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Changes from the KDBX 3.1 file format to KDBX 4.

On this page, only the enhancements/changes from KDBX 3.1 to KDBX 4 are described. A complete specification of the latest format can be found here: KDBX File Format Specification.


KeePass 2.35 introduces version 4 of the KDBX file format. This new format features both improvements and new capabilities. These are outlined in the following sections.

There are a few changes to the inner XML format since KDBX 3.1 (e.g. the HeaderHash meta element is obsolete now, see Improved Header Authentication; new CustomData element for entries and groups; new SettingsChanged element). The wrapping, binary format heavily changes. Furthermore, the order of encryption and data authentication changes.

Migration Phase. As not all major KeePass ports have finished adding support for KDBX 4 yet, for now KeePass 2.35 saves databases in this new format only when at least one of the following conditions is fulfilled:

  • AES-KDF is not selected as key derivation function (KDBX 3.1 only supports AES-KDF; any other key derivation function, like for instance Argon2, requires KDBX 4).
  • A plugin requests to store custom header data in the KDBX file.
  • A plugin requests to store custom data in an entry or a group.

Since KeePass 2.44, selecting ChaCha20 as file encryption algorithm also enforces the KDBX 4 format.

As soon as all major KeePass ports support KDBX 4, KeePass will always save in this format.


As of KDBX 4, the Argon2 key derivation function can be used for transforming the master key (as protection against dictionary attacks).

Argon2 is the winner of the Password Hashing Competition. Up to KDBX 3.1, KeePass used AES-KDF, a key derivation function based on iterating the Advanced Encryption Standard (AES). The main advantage of Argon2 over AES-KDF is that it provides a better resistance against GPU/ASIC attacks (due to being a memory-hard function).

Users can now choose between AES-KDF and Argon2 in the database settings dialog (tab 'Security').

For Developers
The Argon2 implementation can be found in Argon2Kdf.Core.cs. The file Argon2Kdf.cs defines default values for parameters and implements methods for the key derivation infrastructure. Only the Argon2d variant of Argon2 is supported (a strong defense against GPU/ASIC cracking attacks is the most important goal, and Argon2d here is better than Argon2i; side-channel timing attacks are basically irrelevant, because KeePass is a local application, not a remote server).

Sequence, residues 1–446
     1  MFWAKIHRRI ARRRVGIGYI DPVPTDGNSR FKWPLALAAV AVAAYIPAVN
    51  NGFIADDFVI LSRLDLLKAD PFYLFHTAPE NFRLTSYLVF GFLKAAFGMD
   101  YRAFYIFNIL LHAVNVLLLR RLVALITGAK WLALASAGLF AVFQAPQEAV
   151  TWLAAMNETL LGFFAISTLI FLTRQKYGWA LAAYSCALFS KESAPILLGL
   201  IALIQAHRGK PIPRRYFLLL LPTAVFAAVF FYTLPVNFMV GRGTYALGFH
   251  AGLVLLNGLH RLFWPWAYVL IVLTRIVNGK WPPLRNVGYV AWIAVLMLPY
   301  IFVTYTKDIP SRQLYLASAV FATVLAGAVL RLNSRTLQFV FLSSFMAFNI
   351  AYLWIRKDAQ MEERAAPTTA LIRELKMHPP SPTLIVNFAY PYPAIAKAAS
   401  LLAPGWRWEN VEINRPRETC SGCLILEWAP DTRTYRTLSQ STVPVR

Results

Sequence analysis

KeePass' Argon2 implementation supports all parameters that are defined in the official specification, but only the number of iterations, the memory size and the degree of parallelism can be configured by the user in the database settings dialog. For the other parameters, KeePass chooses reasonable defaults: a 256-bit salt is generated by a CSPRNG each time a database is saved, the tag length is 256 bits, no secret key or associated data. All versions of Argon2d (1.0 to 1.3) are supported; KeePass uses the latest version 1.3 by default.

Extensible Key Derivation

Plugins can provide other key derivation functions (for transforming the master key) now.

For Developers
Up to KDBX 3.1, the number of rounds for AES-KDF was stored in the header field with ID 6 (TransformRounds), and the seed for the transformation was stored in the header field with ID 5 (TransformSeed). These two fields are obsolete now.

As of KDBX 4, key derivation function parameters are stored in the header field with ID 11 (KdfParameters). The parameters are serialized as a VariantDictionary (with the KDF UUID being stored in '$UUID'); see the files KdfParameters.cs and VariantDictionary.cs. For details on the parameters being used by AES-KDF and Argon2, see AesKdf.cs and Argon2Kdf.cs.

A VariantDictionary is a key-value dictionary (with the key being a string and the value being an object), which is serialized as follows:
  1. [2 bytes] Version, as UInt16, little-endian, currently 0x0100 (version 1.0). The high byte is critical (i.e. the loading code should refuse to load the data if the high byte is too high), the low byte is informational (i.e. it can be ignored).
  2. [n items] n serialized items (see below).
  3. [1 byte] Null terminator byte.
Each of the n serialized items has the following form:
  1. [1 byte] Value type, can be one of the following:
    • 0x04: UInt32.
    • 0x05: UInt64.
    • 0x08: Bool.
    • 0x0C: Int32.
    • 0x0D: Int64.